What You Need to Know About Cannabis Incubators
Unless you’re a wealthy business genius who fully understands every aspect of the cannabis industry, you probably need some advice -- and a little funding -- to get your company off the ground. In the tech industry, this assist often comes in the form of an incubator, like Y Combinator or Techstars. These groups work with companies they believe have potential and help take them to the next level.
Now incubators are starting to pop up in the cannabis industry, too. To help you decide whether to try one, here’s the lay of the land:
What, exactly, is a cannabis incubator?
It’s a company that gives selected cannabis startups a boost in their early stages. Generally, incubators provide expert advice on the direction a startup should take, helping it evolve from its earliest stages into a viable enterprise. Some incubators invest directly in their clients while others help them find funding. When they do invest, they usually take 5 to 10 percent of the new company -- which means they also have a stake in grooming that startup to be successful at raising more money. It’s something of a symbiotic relationship.
As one cannabis incubator executive explains it, their primary focus is to help new companies think through every detail related to starting a business, including getting investor-ready. “Our goal is to ensure that our teams have a response for any objection or question that an investor asks as they go out to seek funding,” says Celia Daly, who handles investors and community relations for CanopyBoulder. “As investors ourselves, we aim to help our companies grow rapidly so we can return capital to our investors.”
Do you need one?
No. Many a cannabis company has succeeded without the help of an incubator. Some founders don’t like the idea of giving up company equity so early, even if it’s only 5 percent. But a good program can offer a competitive advantage. “As a concept, incubators are great,” says Morgan Fox, a spokesperson for the National Cannabis Industry Association. “Cannabis is a difficult industry with many confusing regulations and requirements that other fields don’t have to deal with. It can be very useful to build up a model or a business plan before spending large amounts of startup capital.”
Aside from getting help securing funding, you can also make great networking connections through an incubator and learn from what others are doing.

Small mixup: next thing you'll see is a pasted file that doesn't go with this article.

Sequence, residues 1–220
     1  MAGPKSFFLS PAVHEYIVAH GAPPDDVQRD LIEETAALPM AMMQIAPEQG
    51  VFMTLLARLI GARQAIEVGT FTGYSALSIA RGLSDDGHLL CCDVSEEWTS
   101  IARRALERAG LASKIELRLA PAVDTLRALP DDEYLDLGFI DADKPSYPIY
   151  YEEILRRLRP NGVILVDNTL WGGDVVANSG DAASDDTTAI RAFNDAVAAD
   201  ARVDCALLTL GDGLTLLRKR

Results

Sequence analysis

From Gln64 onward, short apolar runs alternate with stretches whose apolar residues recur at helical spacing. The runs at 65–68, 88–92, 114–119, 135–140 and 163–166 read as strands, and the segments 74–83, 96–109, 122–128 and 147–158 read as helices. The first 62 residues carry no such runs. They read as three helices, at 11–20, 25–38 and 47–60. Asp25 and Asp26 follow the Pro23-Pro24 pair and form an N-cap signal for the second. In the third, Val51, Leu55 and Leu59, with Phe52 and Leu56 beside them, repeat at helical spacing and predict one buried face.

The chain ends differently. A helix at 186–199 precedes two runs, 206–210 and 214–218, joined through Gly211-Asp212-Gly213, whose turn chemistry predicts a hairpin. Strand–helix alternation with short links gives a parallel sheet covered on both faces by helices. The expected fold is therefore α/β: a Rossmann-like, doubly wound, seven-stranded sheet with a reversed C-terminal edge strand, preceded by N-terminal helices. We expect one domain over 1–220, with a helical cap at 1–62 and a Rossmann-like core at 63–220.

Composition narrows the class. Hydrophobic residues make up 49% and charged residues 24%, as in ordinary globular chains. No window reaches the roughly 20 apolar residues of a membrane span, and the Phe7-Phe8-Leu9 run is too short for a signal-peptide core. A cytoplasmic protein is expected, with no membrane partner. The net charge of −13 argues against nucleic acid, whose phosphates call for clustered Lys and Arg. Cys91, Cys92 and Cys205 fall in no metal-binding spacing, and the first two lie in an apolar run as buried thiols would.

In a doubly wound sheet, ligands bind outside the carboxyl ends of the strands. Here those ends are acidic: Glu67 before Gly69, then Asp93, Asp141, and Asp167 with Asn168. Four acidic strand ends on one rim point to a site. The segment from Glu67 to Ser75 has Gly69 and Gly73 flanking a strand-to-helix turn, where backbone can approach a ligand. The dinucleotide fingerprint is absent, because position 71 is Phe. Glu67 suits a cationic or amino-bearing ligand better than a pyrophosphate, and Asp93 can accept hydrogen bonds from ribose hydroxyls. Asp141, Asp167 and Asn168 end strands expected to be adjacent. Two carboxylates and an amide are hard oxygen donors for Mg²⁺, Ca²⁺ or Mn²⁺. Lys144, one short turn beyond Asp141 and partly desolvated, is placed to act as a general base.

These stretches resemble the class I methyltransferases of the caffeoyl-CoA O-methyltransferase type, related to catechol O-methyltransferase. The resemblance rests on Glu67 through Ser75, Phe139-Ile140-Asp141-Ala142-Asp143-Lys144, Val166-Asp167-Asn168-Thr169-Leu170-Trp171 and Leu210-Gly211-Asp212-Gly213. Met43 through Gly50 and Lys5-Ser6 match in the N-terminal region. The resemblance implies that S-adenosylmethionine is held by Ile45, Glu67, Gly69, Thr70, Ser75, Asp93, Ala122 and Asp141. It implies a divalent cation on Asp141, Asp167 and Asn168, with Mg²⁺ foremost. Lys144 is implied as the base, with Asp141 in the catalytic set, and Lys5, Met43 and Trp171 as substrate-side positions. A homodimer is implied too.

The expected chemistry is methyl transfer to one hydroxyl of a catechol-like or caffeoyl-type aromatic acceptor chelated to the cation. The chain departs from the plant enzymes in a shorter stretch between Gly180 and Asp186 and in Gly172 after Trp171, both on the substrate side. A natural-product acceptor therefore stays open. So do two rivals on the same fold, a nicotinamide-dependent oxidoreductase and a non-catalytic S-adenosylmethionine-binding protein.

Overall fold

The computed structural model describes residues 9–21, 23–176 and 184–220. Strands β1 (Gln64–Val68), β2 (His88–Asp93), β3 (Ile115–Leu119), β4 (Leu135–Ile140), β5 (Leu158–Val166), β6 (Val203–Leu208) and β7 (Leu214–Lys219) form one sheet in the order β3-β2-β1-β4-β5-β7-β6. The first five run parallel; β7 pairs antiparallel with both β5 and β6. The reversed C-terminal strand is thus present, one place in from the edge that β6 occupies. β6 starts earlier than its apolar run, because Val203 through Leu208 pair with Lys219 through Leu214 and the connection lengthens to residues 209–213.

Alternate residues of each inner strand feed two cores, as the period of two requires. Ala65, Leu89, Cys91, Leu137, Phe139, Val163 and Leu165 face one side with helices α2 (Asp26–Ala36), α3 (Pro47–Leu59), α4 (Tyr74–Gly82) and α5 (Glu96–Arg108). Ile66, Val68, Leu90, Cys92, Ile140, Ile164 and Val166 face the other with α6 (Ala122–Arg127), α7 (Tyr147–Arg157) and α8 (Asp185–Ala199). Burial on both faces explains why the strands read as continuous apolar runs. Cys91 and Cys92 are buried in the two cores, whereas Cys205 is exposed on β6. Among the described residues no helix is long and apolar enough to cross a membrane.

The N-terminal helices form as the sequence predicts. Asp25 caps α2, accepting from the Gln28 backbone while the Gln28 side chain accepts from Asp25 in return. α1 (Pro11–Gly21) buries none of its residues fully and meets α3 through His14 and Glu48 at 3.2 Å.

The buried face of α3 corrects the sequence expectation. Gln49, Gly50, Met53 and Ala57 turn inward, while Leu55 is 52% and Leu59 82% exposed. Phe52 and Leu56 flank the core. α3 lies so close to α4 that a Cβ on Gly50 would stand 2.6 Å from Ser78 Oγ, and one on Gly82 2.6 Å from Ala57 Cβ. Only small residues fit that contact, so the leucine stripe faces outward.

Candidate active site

Is it hard to get accepted?
Incubators are selective about which startups they’ll partner with. But the whole industry -- like cannabis itself -- is growing quickly, and the programs are getting more specialized and sophisticated, with increasing opportunities for applicants. Because each incubator looks for different qualities in the startups it chooses to partner with and, in turn, offers different expertise, programs, and investment deals, it pays to shop around and vet a few to find the best fit.
What are some of the top cannabis incubators?
Incubators come in many shapes and sizes. These four are a good place to start:
CanopyBoulder: Its focus is on startups that involve “ancillary products and services” in the cannabis industry, although it works with a diverse array of businesses. Located in Boulder, Colo., the incubator is a strategic partner with the well-known cannabis investor network Arcview Group, and has incubated more than 100 companies, including Wurk, Front Range Biosciences, DeepGreen, and BDTNDR.
CanopyBoulder’s program guides its entrepreneurs through 16 weeks of mentorship designed to teach them the ropes and set them up for success. It invests $30,000 in each company and takes between 6 and 9.4 percent in equity. “This year,” says Daly, “we increased our offer from a $30K investment [via an additional $100,000 convertible note] as a way to attract top talent and keep up with the rising level of sophistication of entrepreneurs in the space.”
Gateway Incubator: This incubator accepts 20 startups a year and invests $50,000 in each, for 5 percent in equity. As a Silicon Valley company, it has a lot of tech-related businesses in its portfolio. Joining Gateway means access to its office space and large network of experts and investors, along with mentoring. Some of the companies Gateway has incubated: Arc Pipes, GrowX, Field, and Trellis.
Greenhouse Ventures: Greenhouse is a Pennsylvania-based incubator of cannabis and hemp businesses that has done a lot of work in the health sector. Greenhouse offers both early-stage and growth-stage programs, depending on what phase the startup is in. The early-stage accelerator lasts 10 weeks and can be done remotely, which is a unique feature. Offered twice a year, it helps new businesses learn about marketing and the industry. Companies receive between $80,000 and $120,000 in exchange for 5 percent equity. The growth-stage accelerator lasts one to two years, and Greenhouse offers between $100,000 and $1.5 million for 10 to 40 percent equity. Its companies include Releaf App, Wild Fox Provisions, and Heally.
The Initiative: The Initiative, an accelerator based in Portland, Oreg., focuses on women entrepreneurs. “Our goal is to help more female-founded companies succeed in the cannabis space and to prepare those founders for growth,” says Amy Margolis, one of the founders. Many existing women-run businesses grow to a point -- but end up hitting a “fund-raising wall,” she says. As an accelerator, The Initiative helps them get past that hurdle. Companies participate in a three-month bootcamp, where they learn how to raise capital and create a successful business strategy. At the end, they pitch to a highly curated group of investors. It’s not only a chance to receive funding in their company, but also to address the gender gap in cannabis while the industry is still young.